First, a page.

How bright lights of Pattaya seduced Iran's bungling Bangkok bombers

Numerous clues were left in the red-light district of the Thai resort by terror team. Peter Popham reports

Peter Popham@peterpopham
Saturday 18 February 2012 01:00

It was the week when rumours of a new war with Iran became unstoppable, when all the talk was of red lines being crossed and options narrowing. But it was to culminate in a bloody farce.

On Monday, Tal Yehoshua Koren, the wife of an Israeli diplomat, was being driven through the heart of Delhi to the American School to pick up her children when she became aware of a motorcycle drawing close to the car and something being slapped on to its side.

The driver hit the brakes and Mrs Koren was half-way out of the door when the car blew up, destroyed by a sticky bomb similar to those which had killed several nuclear scientists in Iran in recent months.

Mrs Koren was taken to hospital with shrapnel in her spine and her legs apparently paralysed. She recovered consciousness only the next day. Revenge by Iran for a succession of clinically efficient attacks – widely believed to be the work of Mossad, though Israel always denied it – appeared to be under way. On the same day, a similar assassination attempt was foiled in Tbilisi, the capital of Georgia.

But if the attacks in Bangkok were meant to be co-ordinated with those in India and Georgia, the bombers in Thailand had got strangely out of kilter.

The planning for their assaults had been painstaking. A 28-year-old Iranian woman called Rohani Leila rented a two-storey house at Soi Pridi Banomyong 36, a leafy side street in the affluent Ekkamai district of Bangkok, well in advance. She then returned to Iran. The bombing team, which consisted of at least three and perhaps four Iranian men, then flew into the country on 8 February via Phuket, the resort island 850km south of Bangkok.

If sex tourism was their cover, they took it pretty seriously. From Phuket they travelled the same day to Pattaya, the notoriously sleazy resort one hour's flying time south of Bangkok. One of the team, Saied Moradi, checked into the Top Thai hotel, a six-storey establishment down an alley near the night-life heart of the strip, where checks on guests were minimal.

Moradi was lugging a heavy backpack; soon after checking in he called an acquaintance, Mohammad Khazaei, who turned up similarly laden. Both men were well dressed and polite, staff remembered, so they paid them little attention. "Mr Moradi was good-looking and dressed neatly, like a young entrepreneur," said one of the hotel's employees. "He was also polite. I could not believe he was a bomber."

The two men kept themselves to themselves, leaving their room neither for breakfast for lunch. The only time they came out was at night, but then they allowed themselves to relax a little.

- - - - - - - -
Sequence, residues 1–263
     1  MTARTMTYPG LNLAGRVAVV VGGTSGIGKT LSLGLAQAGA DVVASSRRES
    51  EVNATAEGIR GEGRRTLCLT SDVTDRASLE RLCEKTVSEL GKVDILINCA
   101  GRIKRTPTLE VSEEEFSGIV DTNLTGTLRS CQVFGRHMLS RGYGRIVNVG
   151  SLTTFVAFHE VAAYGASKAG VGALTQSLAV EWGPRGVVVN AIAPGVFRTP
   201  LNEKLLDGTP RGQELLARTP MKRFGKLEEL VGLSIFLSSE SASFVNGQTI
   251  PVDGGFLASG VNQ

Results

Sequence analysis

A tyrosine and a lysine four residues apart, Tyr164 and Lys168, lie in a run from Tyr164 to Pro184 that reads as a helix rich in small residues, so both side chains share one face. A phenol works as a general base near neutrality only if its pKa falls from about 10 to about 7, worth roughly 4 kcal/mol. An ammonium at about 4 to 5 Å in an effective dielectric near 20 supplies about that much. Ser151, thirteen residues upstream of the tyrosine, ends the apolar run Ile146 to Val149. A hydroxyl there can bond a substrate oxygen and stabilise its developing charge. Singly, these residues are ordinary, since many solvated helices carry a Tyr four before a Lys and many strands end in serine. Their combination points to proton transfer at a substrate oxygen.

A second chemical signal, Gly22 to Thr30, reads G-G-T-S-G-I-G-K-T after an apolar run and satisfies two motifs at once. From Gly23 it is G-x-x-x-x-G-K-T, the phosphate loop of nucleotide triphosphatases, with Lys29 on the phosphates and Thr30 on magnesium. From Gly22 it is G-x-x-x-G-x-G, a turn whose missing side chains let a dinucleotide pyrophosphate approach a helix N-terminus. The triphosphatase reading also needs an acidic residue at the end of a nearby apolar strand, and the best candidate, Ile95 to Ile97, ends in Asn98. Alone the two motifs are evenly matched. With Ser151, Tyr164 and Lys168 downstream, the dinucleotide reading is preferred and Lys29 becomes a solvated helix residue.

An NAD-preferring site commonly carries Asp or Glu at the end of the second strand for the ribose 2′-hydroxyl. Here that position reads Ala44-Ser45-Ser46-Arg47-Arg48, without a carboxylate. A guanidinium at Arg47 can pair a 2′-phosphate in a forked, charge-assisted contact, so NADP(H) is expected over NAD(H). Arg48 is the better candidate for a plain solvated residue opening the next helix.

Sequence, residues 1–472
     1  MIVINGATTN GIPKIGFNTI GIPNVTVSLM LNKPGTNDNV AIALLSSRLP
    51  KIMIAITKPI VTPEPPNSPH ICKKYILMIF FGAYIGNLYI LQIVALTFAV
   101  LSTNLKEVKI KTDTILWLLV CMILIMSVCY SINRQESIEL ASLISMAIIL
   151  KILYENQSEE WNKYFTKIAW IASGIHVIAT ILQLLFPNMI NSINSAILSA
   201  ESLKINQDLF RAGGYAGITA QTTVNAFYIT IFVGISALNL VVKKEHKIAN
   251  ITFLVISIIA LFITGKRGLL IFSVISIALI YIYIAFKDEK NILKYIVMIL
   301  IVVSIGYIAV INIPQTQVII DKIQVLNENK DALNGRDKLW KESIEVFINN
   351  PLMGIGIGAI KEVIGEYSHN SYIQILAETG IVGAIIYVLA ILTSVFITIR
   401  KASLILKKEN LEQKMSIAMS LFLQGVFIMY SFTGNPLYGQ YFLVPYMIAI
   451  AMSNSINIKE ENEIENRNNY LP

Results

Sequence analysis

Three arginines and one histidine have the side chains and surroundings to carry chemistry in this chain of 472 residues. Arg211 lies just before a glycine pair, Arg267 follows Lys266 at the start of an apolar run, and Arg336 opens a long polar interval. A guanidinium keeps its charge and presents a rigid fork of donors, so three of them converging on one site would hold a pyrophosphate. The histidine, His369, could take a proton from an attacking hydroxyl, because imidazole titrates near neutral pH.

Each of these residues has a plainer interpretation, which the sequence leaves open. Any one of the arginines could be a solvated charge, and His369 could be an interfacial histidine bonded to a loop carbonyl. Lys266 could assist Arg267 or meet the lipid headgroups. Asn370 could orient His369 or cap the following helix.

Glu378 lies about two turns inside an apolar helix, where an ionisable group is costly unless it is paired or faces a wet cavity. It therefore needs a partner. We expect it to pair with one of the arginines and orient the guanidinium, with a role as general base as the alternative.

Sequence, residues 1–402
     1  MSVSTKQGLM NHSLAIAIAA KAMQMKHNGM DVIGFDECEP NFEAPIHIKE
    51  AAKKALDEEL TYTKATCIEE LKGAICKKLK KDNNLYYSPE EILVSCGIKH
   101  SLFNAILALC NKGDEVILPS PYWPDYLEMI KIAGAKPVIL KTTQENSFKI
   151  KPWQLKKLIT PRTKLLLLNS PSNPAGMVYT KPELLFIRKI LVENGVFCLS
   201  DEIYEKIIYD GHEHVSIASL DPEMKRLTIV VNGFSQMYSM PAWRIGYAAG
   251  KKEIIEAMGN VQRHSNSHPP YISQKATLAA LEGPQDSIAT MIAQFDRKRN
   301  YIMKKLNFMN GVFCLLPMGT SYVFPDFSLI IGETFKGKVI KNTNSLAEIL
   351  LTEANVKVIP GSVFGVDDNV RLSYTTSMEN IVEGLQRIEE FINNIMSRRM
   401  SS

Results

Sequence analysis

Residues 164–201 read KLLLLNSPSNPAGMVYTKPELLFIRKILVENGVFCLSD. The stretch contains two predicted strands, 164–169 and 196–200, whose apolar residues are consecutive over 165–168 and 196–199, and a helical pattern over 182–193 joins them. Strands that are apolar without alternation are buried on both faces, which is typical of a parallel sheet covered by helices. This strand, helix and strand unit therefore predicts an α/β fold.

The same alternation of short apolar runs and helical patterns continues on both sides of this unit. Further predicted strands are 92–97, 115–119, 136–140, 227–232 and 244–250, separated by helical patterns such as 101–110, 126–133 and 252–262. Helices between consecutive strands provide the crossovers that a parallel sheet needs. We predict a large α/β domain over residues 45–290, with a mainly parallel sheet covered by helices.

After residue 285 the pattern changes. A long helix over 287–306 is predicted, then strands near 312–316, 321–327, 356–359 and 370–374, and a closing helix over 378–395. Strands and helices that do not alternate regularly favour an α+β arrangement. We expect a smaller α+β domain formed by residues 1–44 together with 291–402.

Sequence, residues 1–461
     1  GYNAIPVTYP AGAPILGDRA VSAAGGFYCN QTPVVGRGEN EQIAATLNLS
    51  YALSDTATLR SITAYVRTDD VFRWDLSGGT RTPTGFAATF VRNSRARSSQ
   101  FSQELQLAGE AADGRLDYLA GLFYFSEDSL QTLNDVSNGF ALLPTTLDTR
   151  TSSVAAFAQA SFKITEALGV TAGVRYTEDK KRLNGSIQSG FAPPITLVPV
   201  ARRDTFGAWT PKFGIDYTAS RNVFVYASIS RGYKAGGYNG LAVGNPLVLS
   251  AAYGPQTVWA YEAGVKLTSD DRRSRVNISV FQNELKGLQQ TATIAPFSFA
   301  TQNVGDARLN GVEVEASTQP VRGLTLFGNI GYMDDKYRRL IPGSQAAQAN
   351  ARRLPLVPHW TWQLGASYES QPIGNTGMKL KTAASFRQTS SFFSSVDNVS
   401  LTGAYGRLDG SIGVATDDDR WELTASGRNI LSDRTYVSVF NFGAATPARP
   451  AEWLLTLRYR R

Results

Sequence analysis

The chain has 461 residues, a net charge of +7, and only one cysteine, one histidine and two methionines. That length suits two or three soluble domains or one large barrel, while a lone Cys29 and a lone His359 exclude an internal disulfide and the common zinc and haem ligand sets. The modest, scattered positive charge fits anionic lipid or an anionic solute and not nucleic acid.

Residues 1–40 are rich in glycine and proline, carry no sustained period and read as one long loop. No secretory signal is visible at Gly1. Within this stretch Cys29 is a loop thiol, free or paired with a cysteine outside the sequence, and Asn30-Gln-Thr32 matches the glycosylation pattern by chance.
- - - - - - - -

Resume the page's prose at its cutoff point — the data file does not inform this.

One of the team, Mohammad Khazaei, approached a Pattaya prostitute identified only as Nan and asked her to take him around because his English was so bad. She found companions for the other two, and three of the men and two of the women were snapped on Nan's mobile phone in a Middle East-themed bar in the resort where they smoked hookah pipes, slumped around a low table laden with drinks, including at least one bottle of beer. On at least one occasion, Nan accompanied Khazaei back to his room in Top Thai. She later told police she noticed nothing out of the ordinary in the room, though when she approached a closet he barred her from doing so.

Last Monday, the day of the attacks in Delhi and Tbilisi, the crew members made their move, checking out of their hotels and heading for Bangkok. There they moved into the safe house rented for them by Rohani Leila, and were joined by an older-looking, white-bearded man, who was filmed by surveillance cameras as he went in and out of the house carrying packages.

At 2pm on Tuesday everything suddenly went disastrously wrong: three large explosions tore the roof off the house and at least three men ran out into the street. Two of them, Khazaei and Masoud Sedaghat Zadeh, managed to flee but the third, Saied Moradi, 28, staggered into the street, bloody and disorientated. He flagged down a taxi which slowed, but when the driver got a good look at him he accelerated away.

Furious or confused or both, Moradi threw a hand grenade at the taxi and another at an approaching police car. Four Thais were injured in the blasts, and when one of the grenades bounced back, it exploded at Moradi's feet, tearing off one of his legs.

A mobile phone camera snapped him seconds later, his face a mask of agony, his right hand waving hopelessly, as a crowd of Thais looked on, stunned. He was taken to hospital where his other leg was also amputated. He remains in intensive care.

As police scoured the safe house and the bars and hotels of Pattaya for clues, it emerged that Israel's Defence Minister, Ehud Barak, had been due to visit Bangkok on Thursday. After the explosions, the visit was cancelled.

Khazaei was arrested at Bangkok's airport trying to leave the country; Zadeh got as far as Malaysia where he was detained. Yesterday, Thai police said they were looking for one other person they believed was involved in the attacks.

Meanwhile, the Israeli Deputy Prime Minister, Moshe Yaalon, claimed that all the attacks were co-ordinated and were the work of the Quds Force, a covert arm of Iran's Revolutionary Guard.

"We see what is happening in India, Georgia and Thailand," he said. "It is the same pattern: the same bomb, the same lab, the same factory."

Iran has denied any involvement.

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